Texas Parks & Wildlife Magazine   


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Skill Builder: Windproof, Waterproof and Warm

Dressing for weather makes any outing more comfortable.

By Ky Harkey

I remember the coldest day I ever spent in a park: I was a 14-year-old Boy Scout on a rainy November backpacking trip to Lost Maples State Natural Area. I can still picture the campsite perfectly. I guess misery has a way of creating vivid memories.

I suffered on that cold morning because I had broken the cardinal rule of dressing for the outdoors: I wore cotton clothing and I let it get wet. I’ve learned my lesson since that chilly morning, and with better preparation, I’ve felt warmer in colder conditions. It all comes down to protecting yourself from the wind, water and cold air around you.

Dressing for the cold starts with the base layer. That morning at Lost Maples, the cotton shirt and blue jeans I wore had been soaked from a night of rain. Wet cotton stays wet, and that moisture against your skin causes you to lose warmth much quicker than when you’re dry. When choosing a base layer, find clothing that is thin and made of a synthetic or wool fabric. Unlike cotton, these materials “wick” moisture (rain or sweat) away from your skin. The result? They can still keep you warm if they get wet.

On top of your base layer, your mid-layers insulate you by trapping your body heat and keeping it against your skin. Vests and lightweight or heavy jackets insulate your torso, while long underwear or fleece pants can keep your legs warm. Just like your base layer, avoid cotton on these layers — fleece or synthetic insulation is popular. Backpackers who are interested in going lightweight and compact can use goose-down insulation, but remember, down does not insulate when wet.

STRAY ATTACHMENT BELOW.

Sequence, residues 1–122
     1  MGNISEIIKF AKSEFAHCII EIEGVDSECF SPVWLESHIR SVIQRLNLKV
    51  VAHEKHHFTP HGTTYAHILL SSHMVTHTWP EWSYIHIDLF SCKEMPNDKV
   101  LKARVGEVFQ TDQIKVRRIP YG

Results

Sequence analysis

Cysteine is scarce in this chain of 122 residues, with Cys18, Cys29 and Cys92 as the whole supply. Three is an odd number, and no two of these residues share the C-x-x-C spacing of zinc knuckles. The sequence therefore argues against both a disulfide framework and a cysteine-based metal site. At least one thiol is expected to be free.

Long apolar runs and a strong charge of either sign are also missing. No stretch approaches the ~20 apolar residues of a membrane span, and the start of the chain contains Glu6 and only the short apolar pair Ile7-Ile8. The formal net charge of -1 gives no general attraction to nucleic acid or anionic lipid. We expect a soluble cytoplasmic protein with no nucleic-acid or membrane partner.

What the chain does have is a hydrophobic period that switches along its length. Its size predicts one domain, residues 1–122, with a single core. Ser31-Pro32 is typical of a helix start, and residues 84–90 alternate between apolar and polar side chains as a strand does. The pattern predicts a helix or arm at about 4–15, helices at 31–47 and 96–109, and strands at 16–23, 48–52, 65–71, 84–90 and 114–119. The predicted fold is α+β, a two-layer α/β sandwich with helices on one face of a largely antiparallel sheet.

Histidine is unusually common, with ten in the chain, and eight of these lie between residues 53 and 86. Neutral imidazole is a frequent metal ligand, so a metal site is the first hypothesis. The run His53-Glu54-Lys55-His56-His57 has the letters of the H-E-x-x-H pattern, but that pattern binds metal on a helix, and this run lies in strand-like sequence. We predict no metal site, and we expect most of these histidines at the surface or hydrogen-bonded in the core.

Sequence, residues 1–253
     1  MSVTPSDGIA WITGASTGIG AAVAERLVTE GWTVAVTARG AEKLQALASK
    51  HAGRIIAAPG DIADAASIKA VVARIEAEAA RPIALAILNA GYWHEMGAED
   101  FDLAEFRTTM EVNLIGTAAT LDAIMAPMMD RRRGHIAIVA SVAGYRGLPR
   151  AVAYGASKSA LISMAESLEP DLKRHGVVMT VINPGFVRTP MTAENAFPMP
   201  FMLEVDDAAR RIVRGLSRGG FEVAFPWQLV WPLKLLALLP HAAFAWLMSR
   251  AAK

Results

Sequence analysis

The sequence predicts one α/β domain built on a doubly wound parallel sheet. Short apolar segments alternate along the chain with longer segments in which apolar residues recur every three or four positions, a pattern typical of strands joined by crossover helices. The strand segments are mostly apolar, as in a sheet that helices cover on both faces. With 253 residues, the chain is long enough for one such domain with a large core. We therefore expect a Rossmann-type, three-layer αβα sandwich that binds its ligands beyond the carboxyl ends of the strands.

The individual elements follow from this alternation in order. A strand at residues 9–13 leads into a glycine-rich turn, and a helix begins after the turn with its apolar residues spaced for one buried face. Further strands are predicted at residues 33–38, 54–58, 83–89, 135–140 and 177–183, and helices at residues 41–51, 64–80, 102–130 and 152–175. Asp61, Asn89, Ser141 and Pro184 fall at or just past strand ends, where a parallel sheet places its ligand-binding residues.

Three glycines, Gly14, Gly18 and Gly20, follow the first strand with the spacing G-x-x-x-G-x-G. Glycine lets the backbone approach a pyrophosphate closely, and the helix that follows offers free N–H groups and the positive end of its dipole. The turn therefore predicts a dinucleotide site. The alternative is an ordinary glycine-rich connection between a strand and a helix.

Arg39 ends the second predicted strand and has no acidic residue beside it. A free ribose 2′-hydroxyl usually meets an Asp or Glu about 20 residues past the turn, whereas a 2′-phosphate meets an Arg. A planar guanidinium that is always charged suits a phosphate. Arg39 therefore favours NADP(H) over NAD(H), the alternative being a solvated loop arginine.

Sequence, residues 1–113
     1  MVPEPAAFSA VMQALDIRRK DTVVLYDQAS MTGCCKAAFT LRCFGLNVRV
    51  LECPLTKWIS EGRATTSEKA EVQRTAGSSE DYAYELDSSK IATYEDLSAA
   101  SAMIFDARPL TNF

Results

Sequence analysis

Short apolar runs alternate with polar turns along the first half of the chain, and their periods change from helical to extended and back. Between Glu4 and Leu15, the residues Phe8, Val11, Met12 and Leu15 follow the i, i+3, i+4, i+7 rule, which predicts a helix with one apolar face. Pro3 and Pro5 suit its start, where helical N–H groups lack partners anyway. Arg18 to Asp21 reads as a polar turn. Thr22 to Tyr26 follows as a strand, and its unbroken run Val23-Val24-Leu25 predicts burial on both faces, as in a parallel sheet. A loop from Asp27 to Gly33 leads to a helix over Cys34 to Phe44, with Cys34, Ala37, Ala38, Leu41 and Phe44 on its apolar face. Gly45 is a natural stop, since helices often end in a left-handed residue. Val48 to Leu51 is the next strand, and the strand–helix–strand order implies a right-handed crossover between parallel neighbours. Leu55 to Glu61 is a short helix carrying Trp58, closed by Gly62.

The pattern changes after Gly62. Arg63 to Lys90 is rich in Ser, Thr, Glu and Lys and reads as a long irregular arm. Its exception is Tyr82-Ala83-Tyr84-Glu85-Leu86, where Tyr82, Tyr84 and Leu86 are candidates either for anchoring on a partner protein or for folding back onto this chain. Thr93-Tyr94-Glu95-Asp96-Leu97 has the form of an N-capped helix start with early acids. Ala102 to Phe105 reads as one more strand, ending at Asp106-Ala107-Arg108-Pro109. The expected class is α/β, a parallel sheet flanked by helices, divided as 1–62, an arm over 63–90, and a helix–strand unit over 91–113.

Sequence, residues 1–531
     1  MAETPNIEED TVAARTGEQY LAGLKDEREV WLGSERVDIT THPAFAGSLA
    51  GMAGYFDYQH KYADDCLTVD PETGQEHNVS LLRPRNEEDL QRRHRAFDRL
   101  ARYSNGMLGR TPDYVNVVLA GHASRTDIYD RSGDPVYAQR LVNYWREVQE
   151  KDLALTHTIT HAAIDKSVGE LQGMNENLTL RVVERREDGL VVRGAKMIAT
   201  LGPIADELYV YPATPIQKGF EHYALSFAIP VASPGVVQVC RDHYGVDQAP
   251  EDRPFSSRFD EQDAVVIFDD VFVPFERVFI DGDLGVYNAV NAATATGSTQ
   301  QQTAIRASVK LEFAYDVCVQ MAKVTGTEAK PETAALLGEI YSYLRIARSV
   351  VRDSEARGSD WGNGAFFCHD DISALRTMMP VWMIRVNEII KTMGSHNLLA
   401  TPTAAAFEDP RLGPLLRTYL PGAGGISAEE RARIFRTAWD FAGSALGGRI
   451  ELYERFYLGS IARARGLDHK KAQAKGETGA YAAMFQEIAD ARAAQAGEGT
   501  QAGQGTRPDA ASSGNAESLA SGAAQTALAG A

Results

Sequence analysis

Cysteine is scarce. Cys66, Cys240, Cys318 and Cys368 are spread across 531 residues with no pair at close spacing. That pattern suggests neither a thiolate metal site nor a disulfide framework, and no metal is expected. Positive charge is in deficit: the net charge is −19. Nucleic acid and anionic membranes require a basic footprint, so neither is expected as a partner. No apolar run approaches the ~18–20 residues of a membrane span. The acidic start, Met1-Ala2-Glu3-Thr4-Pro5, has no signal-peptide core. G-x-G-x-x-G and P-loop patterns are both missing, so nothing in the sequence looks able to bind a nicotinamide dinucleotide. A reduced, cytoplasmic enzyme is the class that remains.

This approach of layering (rather than using a single large parka) allows us to make small adjustments to our clothing to help regulate our body temperature as it changes when we hike uphill or when a breeze picks up.


In the summer, a gentle breeze feels nice because it moves hot air away from our skin and encourages evaporation of our sweat, cooling us down. The wind has the same effect on us in the winter; it’s just not what we’re looking for when we’re already cold.

Outer layers should consist of rainproof/windproof jackets and pants that help protect from the elements. While a simple trash bag might keep rain and wind at bay as easily as a rain jacket, high-performance materials like Gore-Tex shield you while also allowing your sweat to escape, preventing an uncomfortable sauna inside your jacket. To complete your protection: Add small accessories like gloves, a wool hat or a balaclava ski mask. These are the very important outer layers that protect cold-sensitive areas like the nose, fingers and ears.

Winter is a beautiful time to enjoy the wild and scenic trails of Texas. By layering clothing and choosing fabrics wisely, we can still create warm memories on cold days — a luxury I missed that November morning at Lost Maples. Here are a few more tips I’ve picked up on many cold weather trips since then:
• Start your hike a little cold. You’ll warm up in the first 10 minutes and will avoid breaking a sweat.
• Zip lightweight gloves into the pockets of your outer layer so they will always be there when you need them.
• Keep a pair of warm socks in the bottom of your sleeping bag so you’ll always have toasty toes at night.
• Carry a small piece of a sleeping pad with you. This will prevent heat loss to the ground when you sit on that cold rock or bench.

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Gear Up for the Holidays


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